Jason put the phone back on the hook, tempted to bolt from the crowded delicatessen. Instead, he walked calmly towards the door excusing himself through the rows of people lined up at the counter, his eyes on the glass front, scanning the crowds on the pavement. Outside he removed his overcoat, carrying it over his arm, and replaced the sunglasses with his tortoise-shells. Minor alterations, but he would not be where he was going long enough for them to be a major mistake. He hurried across the intersection towards Seventy-first Street
At the far corner he fell in with a group of pedestrians waiting for the light. He turned his, head to the left, his chin pressed down into his collar bone. The traffic was moving but the taxi was gone. It had been removed from the scene with surgical precision, a diseased, ugly organ cut from the body, the vital functions in normal process. It showed the precision of a master assassin, who knew precisely when to go in swiftly with a knife.
Bourne turned quickly, reversing his direction, and began walking south. He had to find a shop; he had to change his outer skin. The chameleon could not wait
Marie St Jacques was angry as she held her place across the room from Brigadier-General Irwin Arthur Crawford in the suite at the Pierre Hotel. 'You wouldn't listen!' she accused. 'None of you would listen. Have you any idea what you've done to him?"
'All too well,' replied the officer, the apology in his acknowledgment not his voice. 'I can only repeat what I've told you. We didn't know what to listen for. The difference between the appearance and the reality were beyond our understanding, obviously beyond his own. And if beyond his, why not ours?'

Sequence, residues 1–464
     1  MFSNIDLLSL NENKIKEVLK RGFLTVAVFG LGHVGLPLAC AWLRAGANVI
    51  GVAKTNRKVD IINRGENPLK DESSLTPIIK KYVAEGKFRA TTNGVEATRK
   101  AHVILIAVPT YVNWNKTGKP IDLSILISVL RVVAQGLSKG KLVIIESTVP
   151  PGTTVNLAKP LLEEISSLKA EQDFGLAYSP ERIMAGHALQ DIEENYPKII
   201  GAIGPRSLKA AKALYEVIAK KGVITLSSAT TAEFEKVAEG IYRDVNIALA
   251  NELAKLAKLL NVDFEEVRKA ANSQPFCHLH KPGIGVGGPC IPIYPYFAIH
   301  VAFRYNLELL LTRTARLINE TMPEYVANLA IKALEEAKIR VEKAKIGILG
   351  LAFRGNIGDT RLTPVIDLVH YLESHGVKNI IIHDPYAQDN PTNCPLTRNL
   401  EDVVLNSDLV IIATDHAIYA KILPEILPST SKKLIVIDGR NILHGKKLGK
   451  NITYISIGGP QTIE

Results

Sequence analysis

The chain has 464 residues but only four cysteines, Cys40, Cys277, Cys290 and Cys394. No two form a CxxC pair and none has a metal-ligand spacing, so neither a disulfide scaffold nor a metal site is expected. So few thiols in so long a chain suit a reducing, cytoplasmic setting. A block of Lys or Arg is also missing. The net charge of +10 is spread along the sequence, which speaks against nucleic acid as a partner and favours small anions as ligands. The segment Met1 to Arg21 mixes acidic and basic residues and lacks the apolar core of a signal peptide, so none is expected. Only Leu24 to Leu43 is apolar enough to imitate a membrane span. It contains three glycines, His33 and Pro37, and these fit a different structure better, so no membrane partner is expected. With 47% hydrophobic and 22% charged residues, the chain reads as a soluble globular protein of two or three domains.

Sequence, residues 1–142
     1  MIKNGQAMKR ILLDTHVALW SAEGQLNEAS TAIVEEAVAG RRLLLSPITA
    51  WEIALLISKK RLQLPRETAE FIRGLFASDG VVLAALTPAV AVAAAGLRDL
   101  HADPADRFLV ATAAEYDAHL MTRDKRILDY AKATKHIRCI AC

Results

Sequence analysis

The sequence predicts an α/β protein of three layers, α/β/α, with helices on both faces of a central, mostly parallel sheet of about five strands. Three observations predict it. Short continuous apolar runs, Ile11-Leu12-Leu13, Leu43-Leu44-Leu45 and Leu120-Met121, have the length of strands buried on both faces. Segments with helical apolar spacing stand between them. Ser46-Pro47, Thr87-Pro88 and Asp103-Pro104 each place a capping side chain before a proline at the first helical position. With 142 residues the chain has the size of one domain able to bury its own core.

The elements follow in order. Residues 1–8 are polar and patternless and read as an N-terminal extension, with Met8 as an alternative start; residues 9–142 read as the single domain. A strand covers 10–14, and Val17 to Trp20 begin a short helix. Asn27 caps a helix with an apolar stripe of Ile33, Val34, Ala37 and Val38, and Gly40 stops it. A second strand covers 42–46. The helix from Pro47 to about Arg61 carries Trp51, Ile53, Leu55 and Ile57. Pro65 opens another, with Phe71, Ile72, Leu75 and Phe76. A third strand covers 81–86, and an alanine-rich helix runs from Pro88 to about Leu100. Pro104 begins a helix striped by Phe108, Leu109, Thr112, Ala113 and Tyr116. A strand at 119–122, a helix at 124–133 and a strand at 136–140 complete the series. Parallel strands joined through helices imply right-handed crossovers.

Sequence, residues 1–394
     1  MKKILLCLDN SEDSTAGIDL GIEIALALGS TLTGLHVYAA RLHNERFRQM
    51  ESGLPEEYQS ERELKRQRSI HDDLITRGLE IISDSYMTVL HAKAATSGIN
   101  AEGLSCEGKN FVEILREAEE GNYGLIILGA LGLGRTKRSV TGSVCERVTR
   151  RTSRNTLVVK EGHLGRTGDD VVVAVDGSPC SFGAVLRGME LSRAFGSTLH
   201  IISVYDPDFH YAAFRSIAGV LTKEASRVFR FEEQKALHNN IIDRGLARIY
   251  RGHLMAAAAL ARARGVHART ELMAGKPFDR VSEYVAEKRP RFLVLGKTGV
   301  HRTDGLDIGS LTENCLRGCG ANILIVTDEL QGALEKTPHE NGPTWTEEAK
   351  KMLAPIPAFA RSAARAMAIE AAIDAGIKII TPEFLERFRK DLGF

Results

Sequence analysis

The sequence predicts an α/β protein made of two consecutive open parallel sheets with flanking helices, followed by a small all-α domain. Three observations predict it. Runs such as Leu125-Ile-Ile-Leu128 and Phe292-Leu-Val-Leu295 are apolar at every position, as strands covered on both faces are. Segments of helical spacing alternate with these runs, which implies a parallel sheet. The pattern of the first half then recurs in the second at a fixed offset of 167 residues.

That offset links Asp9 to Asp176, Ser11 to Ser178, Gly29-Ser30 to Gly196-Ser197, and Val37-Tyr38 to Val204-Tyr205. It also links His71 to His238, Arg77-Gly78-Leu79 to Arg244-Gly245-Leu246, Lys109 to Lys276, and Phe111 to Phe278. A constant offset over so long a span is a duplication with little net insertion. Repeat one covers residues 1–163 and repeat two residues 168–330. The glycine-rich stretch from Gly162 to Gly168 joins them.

'He's been trying to reconcile the appearance and reality, as you call it, for six months! And all you could do was send out men to kill him! He tried to tell you. What kind of people are you?'
'Flawed, Miss St Jacques. Flawed but decent, I think. It's why I'm here. The time span's begun and I want to save him if I can, if we can. "
'God, you make me sick!' Marie stopped, she shook her head and continued softly. 'I'll do whatever you ask, you know that. Can you reach this Conklin?'
'I'm sure I can. I'll stand on the steps of that house until he has no choice but to reach me. He may not be our concern, however. '
'Perhaps others. "
'What do you mean?'
'I'll explain on the way. Our main concern now - our only concern now is to reach Delta. '
'Yes. The man you call Jason Bourne. '
'And he's been one of you from the beginning,' said Marie. There were no slates to clean, no payments or pardons bargained for?'
'None. You'll be told everything in time, but this is not the time. I've made arrangements for you to be in an unmarked government car diagonally across from the house. We have binoculars for you; you know him better than anyone now. Perhaps you'll spot him. I pray to God you do. '
Marie went quickly to the cupboard and got her coat. 'He said one night that he was a chameleon. . . ' 'He remembered?' interrupted Crawford. "Remembered what?"
'Nothing. He had a talent for moving in and out of difficult situations without being seen. That's all I meant.
'Wait a minute. ' Marie approached the army man, her eyes suddenly riveted on his again. 'You say we have to reach Jason, but there's a better way. Let him come to us! To me. Put me on the steps of that house! He'll see me, get word to me!' 'Giving whoever's out there two targets?' 'You don't know your own man, General. I said "get word to me". He'll send someone, pay a man or a woman on the street to give me a message. I know him. He'll do it! It's the surest way!' 'I can't permit it. '